Taking a more tangible approach to guiding the audience through the themes of contrast and duality is costume designer Tassos Sofroniou. His own working life is an example of the clash between two themes – when not designing and creating theatrical and dance costumes, he is a fashion designer and founder of the ready-to-wear label Conquistador. Like his fellow creatives, it is his first time working in Australia as well. “I'm a very big fan of Dion Lee, I absolutely love what he does,” Sofroniou volunteers as soon as I ask him if he is familiar with any Australian artists or designers. “He has a very modern take and I think he represents a lot of what Australia is about: the physicality of the body, having good health, being active and exercising; but at the same time, a very pared-down and luxurious approach to fashion that we don't usually see in Europe. Here, people seem to be a little more relaxed, but they dress fantastically. This was a big surprise for me – I thought everyone might be wearing jeans and flip-flops!”
Although it is his first time working in Australia, it is not his first time working with Foniadakis. “I had the luxury of being inspired before I started designing, while sometimes I have to start designing my costumes and wait for the [inspiration] to take place. I had no idea to expect when we got here...but I know Andonis' choreographic style very very well, so I knew I had to create something that would make it easy for the dancers to move around – because they end up doing a gazillion movements a second! With the boys, I've been a little more fluid with their shapes. Their bodies are already amazing, so I didn't want to go too decorative or too flashy. But with the girls, I went crazy. The idea was to create something that looks like a dress, but it's not. When you see it on stage, it will be a dress that looks like a body, but as they start to move it will become a body that looks like a dress.”
Given that most of the team have only spent a few weeks here in Australia creating the production, things are going swimmingly. At the Sydney Dance Company headquarters, dancers chat happily between rehearsal sessions and practice quietly alone in corridors and corners. Snapshots of work paper Instagram – costumes here, post-rehearsal selfies there. While not all of the team are able to be in Sydney for the premiere, all of them do have an enormous sense of excitement for the show they are about to debut. “I want the audience to have an experience,” Sofroniou explains. “Not only just with my work, as that's only a little part of [the production], but with everything. Andonis has the luxury to be very verbal with his choreography, and the good thing about contemporary dance is that you get to translate what you see within your own mind. It is a narrative, but when you go out of the theatre you have experienced the play. It's not just about viewing it, you have an interaction with it.”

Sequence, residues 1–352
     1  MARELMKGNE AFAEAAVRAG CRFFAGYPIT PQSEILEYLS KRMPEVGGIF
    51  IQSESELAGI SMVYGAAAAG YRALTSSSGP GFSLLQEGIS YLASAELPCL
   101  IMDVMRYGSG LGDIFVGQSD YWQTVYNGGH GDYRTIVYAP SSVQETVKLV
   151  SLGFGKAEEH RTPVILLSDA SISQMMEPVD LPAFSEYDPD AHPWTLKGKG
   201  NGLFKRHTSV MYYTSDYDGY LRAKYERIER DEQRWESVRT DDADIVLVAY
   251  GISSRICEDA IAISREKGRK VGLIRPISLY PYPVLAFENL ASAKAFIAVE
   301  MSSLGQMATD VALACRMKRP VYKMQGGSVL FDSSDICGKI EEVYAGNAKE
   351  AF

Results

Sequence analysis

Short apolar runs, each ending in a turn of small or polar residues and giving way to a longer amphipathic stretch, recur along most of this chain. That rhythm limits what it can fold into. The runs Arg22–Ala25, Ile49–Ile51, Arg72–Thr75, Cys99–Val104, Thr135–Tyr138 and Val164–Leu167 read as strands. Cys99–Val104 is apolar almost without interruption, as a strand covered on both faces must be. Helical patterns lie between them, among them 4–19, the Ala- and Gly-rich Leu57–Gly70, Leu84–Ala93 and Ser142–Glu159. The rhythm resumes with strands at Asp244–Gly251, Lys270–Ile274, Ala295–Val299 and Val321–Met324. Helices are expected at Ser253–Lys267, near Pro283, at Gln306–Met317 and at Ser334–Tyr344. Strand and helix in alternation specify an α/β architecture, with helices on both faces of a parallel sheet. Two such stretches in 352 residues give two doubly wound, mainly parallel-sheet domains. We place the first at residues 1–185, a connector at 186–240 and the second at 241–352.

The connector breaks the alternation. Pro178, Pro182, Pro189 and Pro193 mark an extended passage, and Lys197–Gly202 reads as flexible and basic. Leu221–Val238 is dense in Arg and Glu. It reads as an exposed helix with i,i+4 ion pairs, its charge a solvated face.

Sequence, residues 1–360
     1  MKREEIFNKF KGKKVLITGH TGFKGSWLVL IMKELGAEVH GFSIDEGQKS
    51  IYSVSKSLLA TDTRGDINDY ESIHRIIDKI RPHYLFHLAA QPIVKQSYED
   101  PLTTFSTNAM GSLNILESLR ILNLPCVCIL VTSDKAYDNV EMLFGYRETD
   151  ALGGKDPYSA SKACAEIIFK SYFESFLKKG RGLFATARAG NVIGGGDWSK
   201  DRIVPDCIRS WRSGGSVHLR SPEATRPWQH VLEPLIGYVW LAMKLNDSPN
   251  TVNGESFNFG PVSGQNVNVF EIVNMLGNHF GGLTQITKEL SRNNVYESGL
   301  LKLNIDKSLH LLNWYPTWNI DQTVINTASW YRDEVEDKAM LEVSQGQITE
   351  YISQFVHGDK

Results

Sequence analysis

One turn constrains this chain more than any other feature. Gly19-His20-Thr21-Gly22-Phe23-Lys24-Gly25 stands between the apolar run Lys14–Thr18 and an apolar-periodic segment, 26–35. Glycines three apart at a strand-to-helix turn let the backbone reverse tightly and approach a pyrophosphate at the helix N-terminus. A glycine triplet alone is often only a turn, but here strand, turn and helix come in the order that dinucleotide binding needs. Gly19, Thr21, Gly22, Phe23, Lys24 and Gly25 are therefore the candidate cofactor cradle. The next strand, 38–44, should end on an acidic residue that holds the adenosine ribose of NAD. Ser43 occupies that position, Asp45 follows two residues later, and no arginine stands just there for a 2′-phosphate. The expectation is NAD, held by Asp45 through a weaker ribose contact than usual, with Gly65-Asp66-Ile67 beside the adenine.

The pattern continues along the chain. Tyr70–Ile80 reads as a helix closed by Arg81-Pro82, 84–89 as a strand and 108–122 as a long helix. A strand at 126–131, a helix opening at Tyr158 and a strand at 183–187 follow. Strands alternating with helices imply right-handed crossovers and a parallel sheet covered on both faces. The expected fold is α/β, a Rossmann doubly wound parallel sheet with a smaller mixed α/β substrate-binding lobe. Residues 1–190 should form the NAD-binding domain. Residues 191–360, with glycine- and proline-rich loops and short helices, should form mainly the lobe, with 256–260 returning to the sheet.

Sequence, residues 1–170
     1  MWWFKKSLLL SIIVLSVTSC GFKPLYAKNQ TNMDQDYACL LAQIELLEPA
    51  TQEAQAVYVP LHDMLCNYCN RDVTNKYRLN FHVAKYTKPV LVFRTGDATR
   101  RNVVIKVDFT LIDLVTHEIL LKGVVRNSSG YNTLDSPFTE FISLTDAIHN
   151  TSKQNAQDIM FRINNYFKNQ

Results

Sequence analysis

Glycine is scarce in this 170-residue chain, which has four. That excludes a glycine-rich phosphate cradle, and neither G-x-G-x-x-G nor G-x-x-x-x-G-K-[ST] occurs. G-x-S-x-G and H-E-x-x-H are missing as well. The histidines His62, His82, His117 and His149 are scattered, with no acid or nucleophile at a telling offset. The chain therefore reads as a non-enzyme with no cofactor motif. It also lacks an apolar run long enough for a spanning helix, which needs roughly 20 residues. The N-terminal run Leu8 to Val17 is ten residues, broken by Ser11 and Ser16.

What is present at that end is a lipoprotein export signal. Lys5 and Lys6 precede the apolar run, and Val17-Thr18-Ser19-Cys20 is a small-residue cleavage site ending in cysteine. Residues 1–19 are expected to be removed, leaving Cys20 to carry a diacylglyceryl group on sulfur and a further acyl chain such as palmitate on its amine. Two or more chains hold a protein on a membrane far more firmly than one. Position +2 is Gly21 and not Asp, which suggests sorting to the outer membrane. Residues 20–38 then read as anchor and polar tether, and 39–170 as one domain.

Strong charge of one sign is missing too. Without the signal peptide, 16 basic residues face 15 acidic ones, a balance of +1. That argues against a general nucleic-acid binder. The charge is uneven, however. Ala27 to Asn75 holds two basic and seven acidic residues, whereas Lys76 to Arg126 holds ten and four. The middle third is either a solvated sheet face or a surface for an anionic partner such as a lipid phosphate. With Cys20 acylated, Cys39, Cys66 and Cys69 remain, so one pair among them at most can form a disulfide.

“I want to make sure that when people go out [to see Parenthesis], it will be a night to remember. It will be a good experience, and something that will stimulate them and make them question themselves, maybe even arouse them in some ways. Yes, you will see contemporary dance choreography, and it's very on the edge, but at the same time there's a lot of beauty and fluidity. You will go, and have a full-on experience – the music, the choreography, the lights, the set design, everything is cohesive. And it will create an amazing experience for the audience.”
Book now for Louder than Words at Sydney Theatre, 11 shows only, October 4 to 18. Tickets from $45, group concessions for six people or more. Book at www.sydneytheatre.org.au/whats-on/productions/2014/louder-than-words or phone 9250 1999.